Background The familyArenaviridaeis composed of 18 different species of viruses divided into two antigenic groups, the Old World and New World (Tacaribe complex) groups. The Tacaribe complex, in addition to Tacaribe virus (TCRV), includes the viral hemorrhagic feverinducing viruses Junin, Machupo, Guanarito, and Sabia. Close antigenic relationships are observed between TCRV, a nonhuman pathogen, and the category A arenaviruses [1]. TCRV is a biochemically and serologically close relative of Junin and Guanarito viruses but has a low pathogenic potential for humans and is more easily amenable to laboratory study [2]. Arenaviruses are highly fatal and currently have no available vaccines and there is little research to support efficacy of antivirals [3].
* Correspondence: saber.hussain@wpafb.af.mil Applied Biotechnology Branch, Human Effectiveness Directorate, 711th Human Performance Wing, U.S. Air Force Research Laboratory, 2729 R Street, WrightPatterson Air Force Base, OH, 454335707, USA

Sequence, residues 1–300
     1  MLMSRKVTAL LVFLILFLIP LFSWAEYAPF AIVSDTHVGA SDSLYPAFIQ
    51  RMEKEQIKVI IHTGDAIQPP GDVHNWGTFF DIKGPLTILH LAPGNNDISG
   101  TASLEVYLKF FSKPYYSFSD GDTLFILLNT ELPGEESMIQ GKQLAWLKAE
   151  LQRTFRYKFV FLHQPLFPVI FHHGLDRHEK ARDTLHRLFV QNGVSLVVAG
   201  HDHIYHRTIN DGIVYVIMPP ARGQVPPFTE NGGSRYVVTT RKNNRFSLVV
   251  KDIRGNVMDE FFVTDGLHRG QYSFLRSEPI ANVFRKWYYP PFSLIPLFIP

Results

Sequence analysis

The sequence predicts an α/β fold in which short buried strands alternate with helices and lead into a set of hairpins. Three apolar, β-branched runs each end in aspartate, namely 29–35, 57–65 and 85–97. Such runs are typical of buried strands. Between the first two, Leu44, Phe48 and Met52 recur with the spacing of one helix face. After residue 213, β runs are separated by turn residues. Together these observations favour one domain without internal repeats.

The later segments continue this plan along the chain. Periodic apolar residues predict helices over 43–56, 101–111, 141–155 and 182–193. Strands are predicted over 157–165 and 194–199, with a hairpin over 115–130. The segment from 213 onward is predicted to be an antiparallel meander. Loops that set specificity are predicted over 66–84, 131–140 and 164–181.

Current technology offers the possibility of generat ing new types of nanostructured materials (often 100 nm or smaller) with designed surface and structural properties that render them reactive and able to bind proteins avidly [46]. Silver nanoparticles (AgNPs) have received considerable attention for biological applications and recently it was shown that highly con centrated and nonhazardous nanosized silver particles can be easily prepared in a costeffective manner and possess antimicrobial properties [7]. The interaction of NPs with microorganisms is an expanding field of research; however, little effort has been done to deter mine the interaction of metal NPs with viruses, although recent studies have shown that replication of HIV1 [8] and Monkeypox virus [9] can be inhibited by AgNPs. This study focuses on understanding the interaction of AgNPs with arenaviruses and the effects on viral repli cation. Arenaviruses are enveloped viruses with an ambisense RNA genome, which is structurally very
© 2010 Speshock et al; licensee BioMed Central Ltd. This is an Open Access article distributed under the terms of the Creative Commons Attribution License (http://creativecommons.org/licenses/by/2.0), which permits unrestricted use, distribution, and reproduction in any medium, provided the original work is properly cited.